I had a GREAT question last week. A faculty member wanted a list of hashtags and accounts for him to follow for his research interests. I’m not going to give all of the answer here, but I thought it would be useful to look at how I’d start out to answer a question like this.
The faculty member is one who works in pediatric psychology/psychiatry, so let’s just start with that broader category. The first thing I tried was to search in Twitter using the common ‘lingo’ “pediatric psychology” or abbreviation, “Ped Psych.” That found people, but not a hashtag. Finding people is a good thing. So I looked to see if there was a common hashtag that people in this area are using. Um, well, no.
For a next step, I went to the Symplur Hashtag Project and searched. No luck again. There are other pediatric specialties that do, with the notable examples of #pedpc for pediatric palliative care, #PedRySm for pediatric rheumatology symposium, and #pnpchat for pediatric nurse practitioners. But ped psych, not so much. I’m guessing maybe that has something to do with why this faculty member wasn’t already on Twitter, if his people aren’t already there. And this is both embarrassing and discouraging, at least at this level.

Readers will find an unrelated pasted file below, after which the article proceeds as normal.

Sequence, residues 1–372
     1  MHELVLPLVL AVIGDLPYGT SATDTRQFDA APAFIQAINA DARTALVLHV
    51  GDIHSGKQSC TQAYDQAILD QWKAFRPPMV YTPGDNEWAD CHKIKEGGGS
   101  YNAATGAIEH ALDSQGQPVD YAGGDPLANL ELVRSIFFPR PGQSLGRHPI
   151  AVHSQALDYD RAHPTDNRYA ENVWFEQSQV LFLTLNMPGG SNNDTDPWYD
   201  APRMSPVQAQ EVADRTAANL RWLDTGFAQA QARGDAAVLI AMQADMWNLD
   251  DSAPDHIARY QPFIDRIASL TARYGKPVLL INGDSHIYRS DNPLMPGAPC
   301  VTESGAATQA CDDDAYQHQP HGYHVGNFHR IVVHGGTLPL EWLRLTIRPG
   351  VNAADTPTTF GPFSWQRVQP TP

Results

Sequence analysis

The strategy that proved to be most effective for this topic was to search conferences in that area (SPPAC), and then individual conditions (#ADHD, #Anxiety, #autism, #ASD, #Bipolar, #Depression, #EatingDisorders, #OCD, #PTSD)virtually all of what had multiple hashtags in use.
The trick was to combine either specific or general mental health hashtags and terms with population hashtags or terms. Here are a couple examples.
General mental health:
(#mh OR #mental OR #mentalhealth OR #mentalillness OR #mhsm)
While there doesn’t seem to be a unified or overarching community of folk using Twitter to discuss pediatric psychology and/or mental health, there are certainly many people there working in specific subsections of the broad topic. Most notable was that the professionals tweeting on these topics are using slightly different tags than the general public. The preferred tag from the public to indicate children is #Kids or #Teens, while the pros are using #Children or #Peds. To get to relatively professional tweets on child psychology, I ended up using:
What kind of stuff did I find? Here are a few.
— Hands To Guide You (@H2GYInc) April 18, 2014
— Dawn McKinney MSN (@napernurse) April 14, 2014
— HealthyPlace (@HealthyPlace) April 1, 2014
— MyBackToTheWall PTSD (@MyBackToTheWall) March 25, 2014
— Global Med Education (@GlobalMedEd) March 25, 2014
— Dawn McKinney MSN (@napernurse) March 3, 2014